July Quarterly[27]July 13, 2013$299,479.11$112,963.44$(70,624.90)$341,817.65
October Quarterly[28]October 13, 2013$341,817.65$77,193$(30,532.09)$388,478.56
Year-end[29]January 31, 2014$388,478$183,150$(76,726)$494,902
April Quarterly[30]April 15, 2014$494,902$163,246$(88,071)$570,076
Running totals
$602,141.86$(330,535.47)

2012

Breakdown of the source of Diaz-Balart's campaign funds before the 2012 election.

Diaz-Balart won re-election to the U.S. House in 2012. During that election cycle, Diaz-Balart's campaign committee raised a total of $852,973 and spent $769,587.[31] This is less than the average $1.5 million spent by House winners in 2012.[32]

Cost per vote

Diaz-Balart spent $5.08 per vote received in 2012.

2010

Breakdown of the source of Balart's campaign funds before the 2010 election.

Balart won election to the U.S. House of Representatives in 2010. During that election cycle, Balart's campaign committee raised a total of $739,771 and spent $541,148 .[33]

U.S. House of Representatives, Florida's 21st Congressional District, 2010 - Mario Diaz-Balart Campaign Contributions
Total Raised $739,771
Total Spent $541,148
Total Raised by General Election Opponent
Total Spent by General Election Opponent
Top contributors to Mario Diaz-Balart's campaign committee
MCM Corp$25,300
Leon Medical Centers$20,200
Flo-Sun Inc$12,400
AT&T Inc$10,000
Carpenters & Joiners Union$10,000
Top 5 industries that contributed to campaign committee
Lawyers/Law Firms$49,386
Air Transport$36,750
Health Professionals$36,400
Real Estate$35,550
General Contractors$32,800

Analysis

Ideology and leadership

See also: GovTrack's Political Spectrum & Legislative Leadership ranking

Based on an analysis of bill sponsorship by GovTrack, Diaz-Balart is a "rank-and-file Republican," as of June 13, 2013.[34]

Like-minded colleagues

The website OpenCongress tracks the voting records of each member to determine with whom he or she votes most and least often. The results include a member from each party.[35]

Diaz-Balart most often votes with:

Diaz-Balart least often votes with:

Lifetime voting record

See also: Lifetime voting records of United States Senators and Representatives

According to the website GovTrack, Diaz-Balart missedd 352 of 7,661 roll call votes from Jan 2003 to Mar 2013. This amounts to 4.6%, which is worse than the median of 2.2% among current congressional representatives as of March 2013.[36]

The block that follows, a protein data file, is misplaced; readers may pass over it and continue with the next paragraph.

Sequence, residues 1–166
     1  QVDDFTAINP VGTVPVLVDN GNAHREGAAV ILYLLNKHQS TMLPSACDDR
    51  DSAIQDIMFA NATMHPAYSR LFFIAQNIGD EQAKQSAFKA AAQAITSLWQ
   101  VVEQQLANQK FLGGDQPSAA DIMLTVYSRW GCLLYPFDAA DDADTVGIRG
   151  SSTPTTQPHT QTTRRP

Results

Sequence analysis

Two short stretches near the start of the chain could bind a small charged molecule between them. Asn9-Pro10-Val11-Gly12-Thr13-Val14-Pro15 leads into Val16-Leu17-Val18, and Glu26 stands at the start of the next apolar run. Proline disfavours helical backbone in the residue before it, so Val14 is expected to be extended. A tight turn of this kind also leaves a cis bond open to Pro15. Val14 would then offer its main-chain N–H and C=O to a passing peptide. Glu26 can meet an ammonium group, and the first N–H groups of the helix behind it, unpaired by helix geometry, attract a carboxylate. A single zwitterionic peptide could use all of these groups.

Congressional staff salaries

See also: Staff salaries of United States Senators and Representatives

The website Legistorm compiles staff salary information for members of Congress. Diaz-Balart paid his congressional staff a total of $869,286 in 2011. He ranks 925th on the list of the lowest paid Republican representative staff salaries and ranks 113th overall of the lowest paid representative staff salaries in 2011. Overall, Florida ranks 36th in average salary for representative staff. The average U.S. House of Representatives congressional staff was paid $954,912.20 in fiscal year 2011.[37]

Staff bonuses

According to an analysis by CNN, Diaz-Balart was one of nearly 25 percent of House members who gave their staff bonuses in 2012. Diaz-Balart's staff was given an apparent $2,400.00 in bonus money.[38]

Net worth

See also: Net Worth of United States Senators and Representatives

2011

Based on congressional financial disclosure forms and calculations made available by OpenSecrets.org, Yoho's net worth as of 2011 was estimated between -$63,999 and -$10,001. That averages to -$37,000, which is lower than the average net worth of Republican representatives in 2011 of $7,859,232. His average net worth decreased by 13.85%% from 2010.[39]

2010

Based on congressional financial disclosure forms and calculations made available by OpenSecrets.org, Diaz-Balart's net worth as of 2010 was estimated between $-50,000 and $-15,001. That averages to $-32,500.50, which is lower than the average net worth of Republican representatives in 2010 of $7,561,133.[40]

National Journal vote ratings

See also: National Journal vote ratings

2012

Each year National Journal publishes an analysis of how liberally or conservatively each member of Congress voted in the previous year. Diaz-Balart ranked 217th in the conservative rankings in 2012.[41]

2011

Each year National Journal publishes an analysis of how liberally or conservatively each member of Congress voted in the previous year. Diaz-Balart ranked 215th in the conservative rankings.[42]

Voting with party

2013

Mario Diaz-Balart voted with the Republican Party 92.5% of the time, which ranked 200th among the 233 House Republican members as of June 2013.[43]